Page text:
Putting Food in Perspective
By Daphne Oz
Week two of my time on the Whole Living 21-day cleanse is wrapping up, and I am 8 pounds lighter, with eyes whiter and skin clearer, energy renewed through better sleep and purer food for fuel, and a positively outrageous permanent smile plastered to my face that is part sinful pride at having stuck with it this long (a record for me!) and part uncontrollable giddiness at how much better I feel.
You never quite appreciate the fact that the foods we eat, aside from largely determining our outward appearance, also directly impact hormone output, the brain’s chemical response and our genes turning on and off (the study of this phenomenon is called epigenetics, and it is fascinating) until you sample for yourself the complete change from when you are eating out of convenience to when your body is running on premium fuel.
Now, even though I feel wonderful and fully intend to pull parts of this program into my permanent eating habits — I think reducing dairy, meat and processed sugar/wheat consumption would be a good move for everyone looking to avoid unnecessary allergens and potentially toxic additives — I admittedly am looking forward to not being “on” anything.
I know it is a health-supportive cleanse, but being “on” a specific eating plan always conjures bad memories of all the horrible fad diets I tried when attempting (unsuccessfully) to lose weight as a teenager before I wrote “The Dorm Room Diet.”
I finally was able to lose the weight, but only when I dropped all the restrictive eating regimens and turned instead to a healthy lifestyle plan of my own creation, which, at its core, is all about putting food in perspective and making sure that “we the eaters” are always in control. To maintain this power balance, I would prefer just to take the excellent health cues this cleanse provides and incorporate them into my daily routine without there being some big to-do in which I have to be aware of the foods I am “not permitted” to have.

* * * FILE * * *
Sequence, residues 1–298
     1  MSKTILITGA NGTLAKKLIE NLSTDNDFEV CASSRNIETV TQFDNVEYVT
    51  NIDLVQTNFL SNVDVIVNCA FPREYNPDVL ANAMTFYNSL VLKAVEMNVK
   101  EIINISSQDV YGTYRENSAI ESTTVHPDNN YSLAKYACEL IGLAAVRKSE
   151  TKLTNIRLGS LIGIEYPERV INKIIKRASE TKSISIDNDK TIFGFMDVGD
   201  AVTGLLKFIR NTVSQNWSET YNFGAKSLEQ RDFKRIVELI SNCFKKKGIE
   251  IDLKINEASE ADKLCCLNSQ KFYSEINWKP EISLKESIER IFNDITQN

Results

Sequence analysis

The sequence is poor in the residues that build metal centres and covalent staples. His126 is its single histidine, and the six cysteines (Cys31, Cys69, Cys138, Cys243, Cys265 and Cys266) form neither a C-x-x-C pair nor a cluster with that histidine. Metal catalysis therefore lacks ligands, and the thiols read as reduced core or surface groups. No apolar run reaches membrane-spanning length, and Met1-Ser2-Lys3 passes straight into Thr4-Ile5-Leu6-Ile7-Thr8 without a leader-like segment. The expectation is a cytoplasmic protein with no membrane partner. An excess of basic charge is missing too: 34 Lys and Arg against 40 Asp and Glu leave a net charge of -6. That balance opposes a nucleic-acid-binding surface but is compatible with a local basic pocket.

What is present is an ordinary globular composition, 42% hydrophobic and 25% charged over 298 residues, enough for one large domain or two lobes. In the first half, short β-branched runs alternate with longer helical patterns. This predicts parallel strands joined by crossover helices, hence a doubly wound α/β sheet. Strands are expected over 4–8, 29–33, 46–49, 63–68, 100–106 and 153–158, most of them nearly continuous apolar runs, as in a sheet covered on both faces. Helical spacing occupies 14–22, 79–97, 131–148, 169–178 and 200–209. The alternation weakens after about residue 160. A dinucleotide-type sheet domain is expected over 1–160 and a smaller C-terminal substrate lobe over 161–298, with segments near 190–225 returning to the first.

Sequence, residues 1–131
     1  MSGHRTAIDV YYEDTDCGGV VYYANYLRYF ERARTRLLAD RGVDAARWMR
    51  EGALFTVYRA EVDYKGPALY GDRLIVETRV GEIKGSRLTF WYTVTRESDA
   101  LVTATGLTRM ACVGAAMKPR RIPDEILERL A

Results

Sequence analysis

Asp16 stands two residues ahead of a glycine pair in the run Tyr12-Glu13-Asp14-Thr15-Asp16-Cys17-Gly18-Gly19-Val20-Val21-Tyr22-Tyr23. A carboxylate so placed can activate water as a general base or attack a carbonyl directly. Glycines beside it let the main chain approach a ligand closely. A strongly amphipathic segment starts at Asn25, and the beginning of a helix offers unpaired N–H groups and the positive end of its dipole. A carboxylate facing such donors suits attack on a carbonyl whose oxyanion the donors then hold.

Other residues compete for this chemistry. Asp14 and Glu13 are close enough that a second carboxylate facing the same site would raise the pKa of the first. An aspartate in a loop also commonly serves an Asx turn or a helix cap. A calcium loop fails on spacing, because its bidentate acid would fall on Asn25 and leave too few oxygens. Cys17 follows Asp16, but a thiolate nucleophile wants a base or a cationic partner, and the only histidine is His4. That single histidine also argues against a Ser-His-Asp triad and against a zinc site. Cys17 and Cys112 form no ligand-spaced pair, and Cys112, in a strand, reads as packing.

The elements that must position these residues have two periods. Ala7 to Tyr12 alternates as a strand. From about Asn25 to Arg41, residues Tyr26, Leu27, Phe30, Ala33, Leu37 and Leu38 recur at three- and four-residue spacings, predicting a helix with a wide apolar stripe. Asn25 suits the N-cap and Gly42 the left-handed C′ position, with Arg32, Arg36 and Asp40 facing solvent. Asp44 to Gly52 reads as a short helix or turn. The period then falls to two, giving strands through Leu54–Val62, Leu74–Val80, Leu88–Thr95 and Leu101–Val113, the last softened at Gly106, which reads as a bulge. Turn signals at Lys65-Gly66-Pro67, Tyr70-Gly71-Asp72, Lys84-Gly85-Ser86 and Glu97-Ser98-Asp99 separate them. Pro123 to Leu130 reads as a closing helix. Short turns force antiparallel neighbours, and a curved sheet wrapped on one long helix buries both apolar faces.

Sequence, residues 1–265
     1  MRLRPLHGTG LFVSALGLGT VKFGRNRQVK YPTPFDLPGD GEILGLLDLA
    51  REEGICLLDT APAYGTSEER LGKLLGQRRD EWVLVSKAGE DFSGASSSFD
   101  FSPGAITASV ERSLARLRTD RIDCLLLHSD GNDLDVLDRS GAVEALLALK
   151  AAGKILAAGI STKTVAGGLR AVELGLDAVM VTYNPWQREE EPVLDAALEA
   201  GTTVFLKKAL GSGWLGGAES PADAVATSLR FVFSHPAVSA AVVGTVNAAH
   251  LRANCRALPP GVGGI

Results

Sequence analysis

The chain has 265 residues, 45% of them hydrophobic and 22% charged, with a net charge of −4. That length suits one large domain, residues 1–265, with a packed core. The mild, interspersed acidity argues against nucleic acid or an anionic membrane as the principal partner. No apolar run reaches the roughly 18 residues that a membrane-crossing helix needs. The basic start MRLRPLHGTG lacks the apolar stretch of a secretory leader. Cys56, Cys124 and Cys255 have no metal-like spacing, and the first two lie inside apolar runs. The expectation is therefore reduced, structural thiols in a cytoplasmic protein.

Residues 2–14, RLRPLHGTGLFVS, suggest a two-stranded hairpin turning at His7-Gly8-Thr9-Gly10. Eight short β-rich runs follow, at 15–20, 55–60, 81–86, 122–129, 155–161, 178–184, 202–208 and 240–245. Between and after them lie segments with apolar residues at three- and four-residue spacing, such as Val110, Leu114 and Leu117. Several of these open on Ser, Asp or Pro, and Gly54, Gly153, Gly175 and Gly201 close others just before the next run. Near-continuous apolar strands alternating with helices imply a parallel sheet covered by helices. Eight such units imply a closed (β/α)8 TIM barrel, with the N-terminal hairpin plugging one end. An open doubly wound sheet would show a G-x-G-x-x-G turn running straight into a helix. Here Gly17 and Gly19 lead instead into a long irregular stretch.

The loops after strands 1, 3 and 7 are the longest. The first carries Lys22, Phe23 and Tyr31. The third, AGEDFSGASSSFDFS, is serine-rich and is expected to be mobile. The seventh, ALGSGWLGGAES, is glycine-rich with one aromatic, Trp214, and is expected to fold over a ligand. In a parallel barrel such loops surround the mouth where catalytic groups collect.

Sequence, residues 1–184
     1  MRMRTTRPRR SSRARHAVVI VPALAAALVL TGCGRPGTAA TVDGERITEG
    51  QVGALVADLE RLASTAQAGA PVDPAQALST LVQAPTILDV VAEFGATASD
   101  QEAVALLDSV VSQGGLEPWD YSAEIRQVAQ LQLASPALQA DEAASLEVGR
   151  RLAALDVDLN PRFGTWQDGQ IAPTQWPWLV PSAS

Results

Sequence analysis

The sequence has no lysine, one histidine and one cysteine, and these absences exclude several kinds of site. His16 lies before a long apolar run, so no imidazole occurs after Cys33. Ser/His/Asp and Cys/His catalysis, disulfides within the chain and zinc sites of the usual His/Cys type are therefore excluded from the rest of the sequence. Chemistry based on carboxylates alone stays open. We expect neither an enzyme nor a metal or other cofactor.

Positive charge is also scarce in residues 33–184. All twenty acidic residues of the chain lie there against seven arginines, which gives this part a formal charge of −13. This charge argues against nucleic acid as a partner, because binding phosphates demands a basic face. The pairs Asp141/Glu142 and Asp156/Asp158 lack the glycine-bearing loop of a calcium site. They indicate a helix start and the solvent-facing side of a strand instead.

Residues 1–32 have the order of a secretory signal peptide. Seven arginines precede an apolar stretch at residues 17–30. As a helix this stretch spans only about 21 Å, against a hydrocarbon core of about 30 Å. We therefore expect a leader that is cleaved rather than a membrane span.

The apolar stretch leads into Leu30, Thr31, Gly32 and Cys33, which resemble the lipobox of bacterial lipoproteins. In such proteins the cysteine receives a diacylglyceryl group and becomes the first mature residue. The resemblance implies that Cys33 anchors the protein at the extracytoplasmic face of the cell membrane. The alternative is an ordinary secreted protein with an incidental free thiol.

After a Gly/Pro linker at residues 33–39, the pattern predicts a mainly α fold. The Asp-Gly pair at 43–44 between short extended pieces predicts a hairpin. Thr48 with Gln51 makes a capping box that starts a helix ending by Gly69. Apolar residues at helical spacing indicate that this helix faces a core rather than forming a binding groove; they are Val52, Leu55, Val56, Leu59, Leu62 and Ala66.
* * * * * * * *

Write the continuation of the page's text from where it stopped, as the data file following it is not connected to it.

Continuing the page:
But for undoing bad habits — especially the ones I adopted during the holidays that have completely warped my previously good grasp on how much is too much of a good thing — and proving to myself that I have the willpower and strength to course-correct, I find that a proper, full-blown cleanse is the best solution, even if it means living by rules for a little bit.
And seeing as we’re on the subject of rules: Sometimes we have to be our own parents. Your mother or father probably forced you to eat broccoli over and over before your taste buds finally acquired a taste for it, but as an adult, you are now in the position to dictate what your taste buds will learn to love.
Yes, our tastes are learned! True, we are hard-wired biologically to crave sugar, salt and fat because these things in the wild signal great sources of nutrition that our ancestors needed to survive. But the sweetness that comes from a juicy pear is nowhere near the overload your tongue experiences when you sip a soda or eat a candy bar. It’s all about perspective and about weaning yourself away from the hyper-stimulation and appreciating instead the natural spectrum of flavors that are perfect 95 percent of the time. (What you choose to go crazy with the other 5 percent of the time is between you and that box of glazed doughnut holes.)
When I decided to embark on this journey — and it truly is a journey to break old habits, because your own nature will fight against you — it was not because I had any major health concerns, thank goodness. It was not even for weight loss, though this is often an added benefit of reimagining your daily diet to include more whole foods and fewer things that come out of a package. Instead, this three-week cleanse was meant to retrain my taste buds out of their learned addiction to too much processed sugar and flour and, ultimately, to get back to a place where the rules are thrown off and I am back in control. — CNS